Rocking the State: Rock Music and Politics in Eastern Europe and Russia

Rocking the State: Rock Music and Politics in Eastern Europe and Russia

Rocking the State: Rock Music and Politics in Eastern Europe and Russia

Rocking the State: Rock Music and Politics in Eastern Europe and Russia


"Of the many avenues for expressing dissident viewpoints in communist societies, rock music - with its broad appeal among young people - was one of the most effective. Although there were rock groups that sang the praises of communism, other groups struck the pose of "rock rebels," assailing the system through their ribald lyrics and raucous music. Communist regimes generally had a difficult time adjusting to rock music, and some, such as those in Czechoslovakia and Romania, never did accept the new genre. Others, such as the East German government, tried to control and monitor rock by requiring musicians and DJs alike to pass tests on Marxist ideology. Other strategies included censoring lyrics, record covers, and attire; insisting on haircuts for band members; and fussing about jewelry and other adornments worn by rockers. The authorities knew that although these bands could not overthrow the state, they could sing up a storm, and, indeed, rock the state. Bringing together some of the world's leading authorities on rock music under communism, this book analyzes the rise of specific rock groups throughout Eastern Europe and the Soviet Union, examining the broader social culture in which they operated and evaluating the political ramifications of their popularity." Title Summary field provided by Blackwell North America, Inc. All Rights Reserved


Most readers of this book will have had at most a fleeting acquaintance with the music of some of the groups described in this book. Groups such as Laibach (from Slovenia), Borghesia (Slovenia), Pankow (the GDR), and Gorky Park (USSR) have concentrated on the Western market and have acquired followings in the United States and Western Europe. Other artists and groups, such as Boris Grebenshikov and Aquarium (USSR), Sergei Kuryokhin (USSR), Goran Bregović and White Button (Yugoslavia), and Plastic People of the Universe (Czechoslovakia), have also seen some Western exposure. But for the most part, the rock music of that part of the world is terra incognita to Westerners. So too is the story of their uneasy coexistence with communist authorities from the time that rock first appeared until the collapse of communism in 1989. This book aims to fill that vacuum.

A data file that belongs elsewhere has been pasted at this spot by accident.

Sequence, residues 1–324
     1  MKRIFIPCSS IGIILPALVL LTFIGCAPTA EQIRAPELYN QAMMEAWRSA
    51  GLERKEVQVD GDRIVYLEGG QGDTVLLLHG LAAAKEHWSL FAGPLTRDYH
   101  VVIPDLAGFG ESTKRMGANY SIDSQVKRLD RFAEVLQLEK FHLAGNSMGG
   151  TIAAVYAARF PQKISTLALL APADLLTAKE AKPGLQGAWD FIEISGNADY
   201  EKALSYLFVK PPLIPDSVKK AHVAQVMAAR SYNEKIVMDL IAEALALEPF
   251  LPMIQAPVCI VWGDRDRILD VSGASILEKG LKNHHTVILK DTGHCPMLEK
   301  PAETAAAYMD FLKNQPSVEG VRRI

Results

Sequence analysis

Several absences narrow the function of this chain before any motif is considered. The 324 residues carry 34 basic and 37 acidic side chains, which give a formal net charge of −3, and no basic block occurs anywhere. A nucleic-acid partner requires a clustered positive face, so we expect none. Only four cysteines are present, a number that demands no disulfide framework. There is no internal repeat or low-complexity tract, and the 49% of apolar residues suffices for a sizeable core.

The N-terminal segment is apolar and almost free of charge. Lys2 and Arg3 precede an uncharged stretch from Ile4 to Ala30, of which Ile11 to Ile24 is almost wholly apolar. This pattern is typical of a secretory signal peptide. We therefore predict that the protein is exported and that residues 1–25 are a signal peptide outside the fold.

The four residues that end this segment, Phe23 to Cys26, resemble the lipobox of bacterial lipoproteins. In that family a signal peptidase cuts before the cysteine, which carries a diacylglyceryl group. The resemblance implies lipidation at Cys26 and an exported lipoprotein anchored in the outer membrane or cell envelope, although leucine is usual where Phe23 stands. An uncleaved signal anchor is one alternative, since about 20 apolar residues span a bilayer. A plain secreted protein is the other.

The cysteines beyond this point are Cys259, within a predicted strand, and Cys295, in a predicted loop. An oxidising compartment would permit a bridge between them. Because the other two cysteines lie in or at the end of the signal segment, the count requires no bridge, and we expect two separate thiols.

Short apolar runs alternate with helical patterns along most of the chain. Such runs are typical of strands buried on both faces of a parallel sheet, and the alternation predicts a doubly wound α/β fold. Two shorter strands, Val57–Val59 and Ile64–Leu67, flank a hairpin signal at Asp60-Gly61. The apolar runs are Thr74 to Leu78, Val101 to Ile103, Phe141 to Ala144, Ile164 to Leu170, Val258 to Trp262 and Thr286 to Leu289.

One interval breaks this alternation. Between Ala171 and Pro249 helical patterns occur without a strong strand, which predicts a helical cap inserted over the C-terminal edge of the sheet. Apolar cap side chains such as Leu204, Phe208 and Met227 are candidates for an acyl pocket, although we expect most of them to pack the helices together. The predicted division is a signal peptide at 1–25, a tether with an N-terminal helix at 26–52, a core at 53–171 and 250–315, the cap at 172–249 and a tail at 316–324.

There have been other studies of rock music under communism before—notably, Timothy Ryback's 1990 volume, Rock Around the Bloc, and Artemy Troitsky's earlier popular treatment of the Soviet scene in Back in the USSR. But this is the first scholarly attempt to treat systematically all the countries and regions of the western USSR and Eastern Europe, including Yugoslavia, Ukraine, and Belarus.

The coverage in this book is comprehensive. Omitted are only Albania and Romania (except for brief mention in Chapter 1). In Albania, there is no rock scene of any importance, and in Romania, such promising beginnings as were evinced in the 1970s withered away under the cultural suppression and economic strangulation of the late Ceauşescu regime. All the other countries of Eastern Europe are treated in this book. In addition, there are separate chapters devoted to rock in Russia/the USSR, rock in Ukraine, and rock in Belarus. The fascinating rock scenes in Estonia and Latvia are discussed in the context of broader developments in Chapter 9.

Bringing this book to fruition has been a difficult task, and it could not have been accomplished without the help of certain individuals. I am indebted, in the first place, to Margaret Brown for translating the chap-

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